Page images
PDF

Once on a time (so runs the fable) A country mouse, right hospitable, Receiv'd a town mouse at his board, Just as a farmer might a lord ; A frugal mouse upon the whole, Yet lov'd his friend; and had a soul, Knew what was handsome, and would do't, On just occasion, coute qui coute. He brought him bacon (nothing lean), Pudding, that might have pleas'd a dean; Cheese, such as men in Suffolk make, But wish'd it Stilton for his sake; Yet, to his guest tho' no way sparing, He eat himself the rind and paring. Our courtier scarce could touch a bit, But show'd his breeding and his wit ; He did his best to seem to eat, And cry'd, “ I vow you're mighty neat. " But Lord, my friend, this savage scene! les For God's sake, come, and live with men : " Consider, mice, like men, must die, " Both small and great, both you and I : Then spend your life in joy and sport, " (This doctrine, friend, I learn'd at court.").

The veriest hermit in the nation
May yield, God knows, to strong temptation.
Away they come, thro' thick and thin,
To a tall house near Lincoln's-Inn;
( Twas on the night of a debate,
When all their Lordships had sat late.)

Behold the place, where if a poet
Shin'd in description, he might show it;
Tell how the moon-beam trembling falls,
And tips with silver all the walls;
Palladian walls, Venetian doors,
Grotesco roofs, and stucco floors :
But let it, (in a word) be said,
The moon was up, and men a-bed,
The napkins white, the carpet red;
The guests withdrawn had left the treat,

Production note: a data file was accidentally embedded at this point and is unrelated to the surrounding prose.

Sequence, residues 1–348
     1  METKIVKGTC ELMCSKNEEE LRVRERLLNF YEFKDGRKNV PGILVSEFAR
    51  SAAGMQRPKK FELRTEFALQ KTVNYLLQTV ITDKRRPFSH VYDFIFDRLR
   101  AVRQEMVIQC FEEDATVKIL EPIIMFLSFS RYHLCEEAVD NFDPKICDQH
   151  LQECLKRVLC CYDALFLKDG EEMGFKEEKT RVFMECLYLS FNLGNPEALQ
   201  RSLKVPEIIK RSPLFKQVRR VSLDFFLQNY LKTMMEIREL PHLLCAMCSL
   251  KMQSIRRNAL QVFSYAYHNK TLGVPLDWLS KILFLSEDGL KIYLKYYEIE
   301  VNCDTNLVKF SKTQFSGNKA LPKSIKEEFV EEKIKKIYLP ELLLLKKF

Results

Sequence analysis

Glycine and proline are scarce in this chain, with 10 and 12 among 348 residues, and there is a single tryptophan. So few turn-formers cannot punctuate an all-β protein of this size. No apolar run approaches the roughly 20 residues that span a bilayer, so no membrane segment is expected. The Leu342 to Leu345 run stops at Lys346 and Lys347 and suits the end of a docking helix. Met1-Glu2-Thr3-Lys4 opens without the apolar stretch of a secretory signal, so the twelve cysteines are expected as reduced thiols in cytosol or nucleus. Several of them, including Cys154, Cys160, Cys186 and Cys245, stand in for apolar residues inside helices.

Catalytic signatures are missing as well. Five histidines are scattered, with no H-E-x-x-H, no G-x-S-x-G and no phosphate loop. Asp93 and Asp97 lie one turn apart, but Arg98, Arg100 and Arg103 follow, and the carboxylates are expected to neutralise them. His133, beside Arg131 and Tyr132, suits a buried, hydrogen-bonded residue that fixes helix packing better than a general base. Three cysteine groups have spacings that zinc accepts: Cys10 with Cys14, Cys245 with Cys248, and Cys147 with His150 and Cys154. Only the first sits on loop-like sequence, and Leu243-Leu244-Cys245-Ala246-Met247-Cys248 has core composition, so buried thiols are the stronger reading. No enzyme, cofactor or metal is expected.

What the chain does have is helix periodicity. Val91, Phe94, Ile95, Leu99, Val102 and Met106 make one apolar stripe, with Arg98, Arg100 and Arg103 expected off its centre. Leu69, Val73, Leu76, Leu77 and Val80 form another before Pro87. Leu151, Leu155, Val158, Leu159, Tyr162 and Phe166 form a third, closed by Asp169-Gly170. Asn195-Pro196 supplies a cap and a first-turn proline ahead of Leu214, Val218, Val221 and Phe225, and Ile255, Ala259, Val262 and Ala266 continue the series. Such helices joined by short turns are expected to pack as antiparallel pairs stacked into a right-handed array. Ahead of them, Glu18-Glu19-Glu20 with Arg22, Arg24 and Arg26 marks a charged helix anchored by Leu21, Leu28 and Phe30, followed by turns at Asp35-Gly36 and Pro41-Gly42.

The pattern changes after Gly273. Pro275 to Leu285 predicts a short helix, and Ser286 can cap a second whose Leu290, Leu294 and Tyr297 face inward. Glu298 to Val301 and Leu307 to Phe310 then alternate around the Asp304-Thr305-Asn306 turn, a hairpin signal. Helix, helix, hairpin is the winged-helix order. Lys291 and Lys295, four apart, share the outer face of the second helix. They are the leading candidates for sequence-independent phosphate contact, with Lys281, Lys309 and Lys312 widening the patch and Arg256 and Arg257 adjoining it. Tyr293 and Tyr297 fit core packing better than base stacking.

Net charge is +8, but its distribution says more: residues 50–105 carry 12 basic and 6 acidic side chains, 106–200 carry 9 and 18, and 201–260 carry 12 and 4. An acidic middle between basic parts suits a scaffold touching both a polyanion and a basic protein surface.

And down the mice sat, tête à tête.

Our courtier walks from dish to dish,
Tastes for his friend of fowl and fish :

Tells all their names, lays down the law,
Que ça est bon ! Ah goutez ça!
" That jelly's rich, this malmsey healing,
“ Pray dip your whiskers and your tail in."
Was ever such a happy swain !
He stuffs and swills, and stuffs again,
" I'm quite asham'd-'tis mighty rude
" To eat so much--but all's so good.
“ I have a thousand thanks to give-
“: My lord alone knows how to live."
No sooner said, but from the ball
Rush chaplain, butler, dogs and all :
" A rat, a rat! clap to the door"-
The cat comes bouncing on the floor.
O for the heart of Homer's mice,
Or gods to save them in a trice!
(It was by providence they think,
For your damn'd stucco has no chink.)
"An't please your honour,” quoth the peasant,
“ This same desert is not so pleasant:
"Give me again my hollow tree,
"A crust of bread, and liberty !"

An Ecery written in a COUNTRY CHURCH-YARD.

(GRAY.) The Curfew tolls the knell of parting day, The lowing herd wind slowly o'er the lea,

The ploughman homeward plods his weary way, And leaves the world to darkness and to me.

Now fades the gliinm'ring landscape on the sight, And all the air a solemn stillness holds;

Save where the beetle wings his drony flight, And drowsy tinklings lull the distant folds;

Save that from yonder ivy-mantled tow'r The moping owl does to the moon complain

Of such as, wand'ring near her secret bow'r, Molest her ancient, solitary reign.

Beneath those rugged elms, that yew-tree's shade, · Where heaves the turf in many a mould'ring heap,

Each in his narrow cell for ever laid, The rude forefathers of the hamlet sleep.

The breezy call of incense-breathing morn, The swallow twitt'ring from the straw-built shed,

The cock's shrill clarion, or the echoing horn, No more shall rouse them from their lowly bed.

For them no more the blazing hearth shall burn, Or busy housewife ply her ev’ning care, .

No children run to lisp their sire's return, Or climb his knees the envied kiss to share.

Oft did the harvest to their sickle yield,
Their furrow oft the stubborn glebe has broke :

How jocund did they drive their team afield ! How bow'd the woods beneath their sturdy stroke!

Let not Ambition mock their useful toil, Their homely joys and destiny obscure;